Perspective Convergence Of Relative Size Driver

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Other cars are more likely to pull out in front of your car, because they are using their previous judgement and knowledge estimating approximately how far away a car is in the distance. This is based on the distance between themselves and the headlights. The other drivers are using the familiar size cue which is the judgement of distance for an object based on prior knowledge. Drivers are judging your vehicles distance down the road based on what they already know from driving experience. Because your headlights are closer together, it is making them look like they are at the distance of a standard vehicle, when in reality you are much closer. This is due to the fact that we perceive cars with headlights being closer together, as farther…show more content…
During the day, drivers still use the familiar size of the vehicle, but now they can look at the entire vehicle where at night, they could only view the headlights. They can compare the size of the vehicle in the distance to prior knowledge of other vehicles to help determine the distance away the vehicle is. Another cue that other drivers use to perceive the distance of the other vehicle is perspective convergence. Perspective convergence is when you look down a parallel area, (in this instance the road) that appears to be convergent in the distance. When you look down a parallel road, you are enhancing the perception of depth through the cue of relative size. Relative size is based off of how much of your visual field the object you are looking at takes up. When looking far down the road, the vehicle seems to appear smaller because it is taking up less of your visual field (seeing more of the surrounding than the car), thus making the inference that the car is farther away in the distance because normal cars do not look that…show more content…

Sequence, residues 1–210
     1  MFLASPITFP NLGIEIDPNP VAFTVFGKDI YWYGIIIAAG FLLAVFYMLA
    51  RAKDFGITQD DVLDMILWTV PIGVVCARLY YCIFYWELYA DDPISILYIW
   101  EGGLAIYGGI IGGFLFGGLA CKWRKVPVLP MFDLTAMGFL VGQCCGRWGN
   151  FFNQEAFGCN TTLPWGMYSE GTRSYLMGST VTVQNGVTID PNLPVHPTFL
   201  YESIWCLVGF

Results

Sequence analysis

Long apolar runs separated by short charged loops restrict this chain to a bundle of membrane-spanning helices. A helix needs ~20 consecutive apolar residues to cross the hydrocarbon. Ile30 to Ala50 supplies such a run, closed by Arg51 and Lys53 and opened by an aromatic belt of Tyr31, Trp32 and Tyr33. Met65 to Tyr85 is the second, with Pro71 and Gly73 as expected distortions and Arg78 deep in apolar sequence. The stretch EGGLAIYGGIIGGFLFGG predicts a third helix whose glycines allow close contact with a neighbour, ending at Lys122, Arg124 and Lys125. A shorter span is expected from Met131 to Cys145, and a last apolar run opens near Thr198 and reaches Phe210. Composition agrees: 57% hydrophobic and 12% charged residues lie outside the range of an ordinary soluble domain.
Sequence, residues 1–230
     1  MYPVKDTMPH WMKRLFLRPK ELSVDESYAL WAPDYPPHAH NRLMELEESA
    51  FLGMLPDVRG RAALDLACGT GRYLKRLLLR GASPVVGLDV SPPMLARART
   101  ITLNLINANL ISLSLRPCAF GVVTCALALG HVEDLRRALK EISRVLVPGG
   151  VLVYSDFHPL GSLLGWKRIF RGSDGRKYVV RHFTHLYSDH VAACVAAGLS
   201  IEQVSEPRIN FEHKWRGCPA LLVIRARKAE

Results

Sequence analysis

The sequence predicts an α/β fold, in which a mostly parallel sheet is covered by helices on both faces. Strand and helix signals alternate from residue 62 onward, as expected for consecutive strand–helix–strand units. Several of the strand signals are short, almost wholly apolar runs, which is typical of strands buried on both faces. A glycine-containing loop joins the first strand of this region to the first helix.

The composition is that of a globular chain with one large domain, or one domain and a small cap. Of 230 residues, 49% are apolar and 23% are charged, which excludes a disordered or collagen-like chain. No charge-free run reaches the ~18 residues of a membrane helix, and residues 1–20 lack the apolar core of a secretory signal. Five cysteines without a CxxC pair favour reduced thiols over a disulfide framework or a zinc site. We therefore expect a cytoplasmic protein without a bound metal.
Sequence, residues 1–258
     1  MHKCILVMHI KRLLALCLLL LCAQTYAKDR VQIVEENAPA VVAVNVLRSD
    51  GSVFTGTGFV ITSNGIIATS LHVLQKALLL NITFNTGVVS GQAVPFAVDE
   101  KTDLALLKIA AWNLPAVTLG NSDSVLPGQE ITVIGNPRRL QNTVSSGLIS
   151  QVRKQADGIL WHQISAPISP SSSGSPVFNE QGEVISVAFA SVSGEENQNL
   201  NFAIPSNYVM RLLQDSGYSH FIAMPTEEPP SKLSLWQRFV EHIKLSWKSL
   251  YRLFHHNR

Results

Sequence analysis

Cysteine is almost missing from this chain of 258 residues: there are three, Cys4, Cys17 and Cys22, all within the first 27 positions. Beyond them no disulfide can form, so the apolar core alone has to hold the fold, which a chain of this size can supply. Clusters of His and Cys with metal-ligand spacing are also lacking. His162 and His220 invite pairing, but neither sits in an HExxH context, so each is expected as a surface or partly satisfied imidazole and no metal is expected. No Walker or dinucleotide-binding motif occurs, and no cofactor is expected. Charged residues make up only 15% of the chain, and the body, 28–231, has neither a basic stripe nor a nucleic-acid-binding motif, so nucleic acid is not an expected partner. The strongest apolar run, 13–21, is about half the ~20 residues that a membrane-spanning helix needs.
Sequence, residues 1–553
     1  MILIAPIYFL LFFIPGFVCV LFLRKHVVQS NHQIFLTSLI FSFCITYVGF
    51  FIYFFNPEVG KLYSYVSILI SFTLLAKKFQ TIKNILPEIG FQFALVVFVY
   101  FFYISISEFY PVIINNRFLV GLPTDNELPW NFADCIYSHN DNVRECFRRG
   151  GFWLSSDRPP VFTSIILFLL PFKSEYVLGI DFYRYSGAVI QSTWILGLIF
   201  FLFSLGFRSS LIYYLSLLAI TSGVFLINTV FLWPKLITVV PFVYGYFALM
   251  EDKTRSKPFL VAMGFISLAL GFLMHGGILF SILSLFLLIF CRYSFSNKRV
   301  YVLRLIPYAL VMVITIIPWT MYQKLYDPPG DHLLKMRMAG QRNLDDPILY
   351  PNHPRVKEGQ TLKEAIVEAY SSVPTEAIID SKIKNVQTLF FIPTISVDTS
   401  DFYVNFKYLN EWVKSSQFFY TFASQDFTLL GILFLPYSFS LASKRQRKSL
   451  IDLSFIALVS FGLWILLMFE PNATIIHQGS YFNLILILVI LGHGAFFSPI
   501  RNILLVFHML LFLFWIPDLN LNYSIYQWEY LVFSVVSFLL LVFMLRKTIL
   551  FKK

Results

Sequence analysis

For my experiment, I was looking to test the people’s perception for a particular basketball. People generally know the size of a basketball or what a basketball looks like, so it is a good general item. How I would conduct the experiment would be to have different pictures with the basketball in a particular scene. For example, I would have one picture that shows a basketball court in a park. There would be a man playing basketball next to a basketball hoop with an extremely large basketball. I would have another picture that would be of the same context (basketball court in a park) but in this picture, the basketball would be extremely small next to the basketball player and the hoop. For my variables in this study, the independent variable would be the different sizes of the basketball in the given picture. My dependent variable would be observer’s perception of the distance of the basketball. By changing the size of the basketball, I can make the depth of the ball look different each time (farther away or
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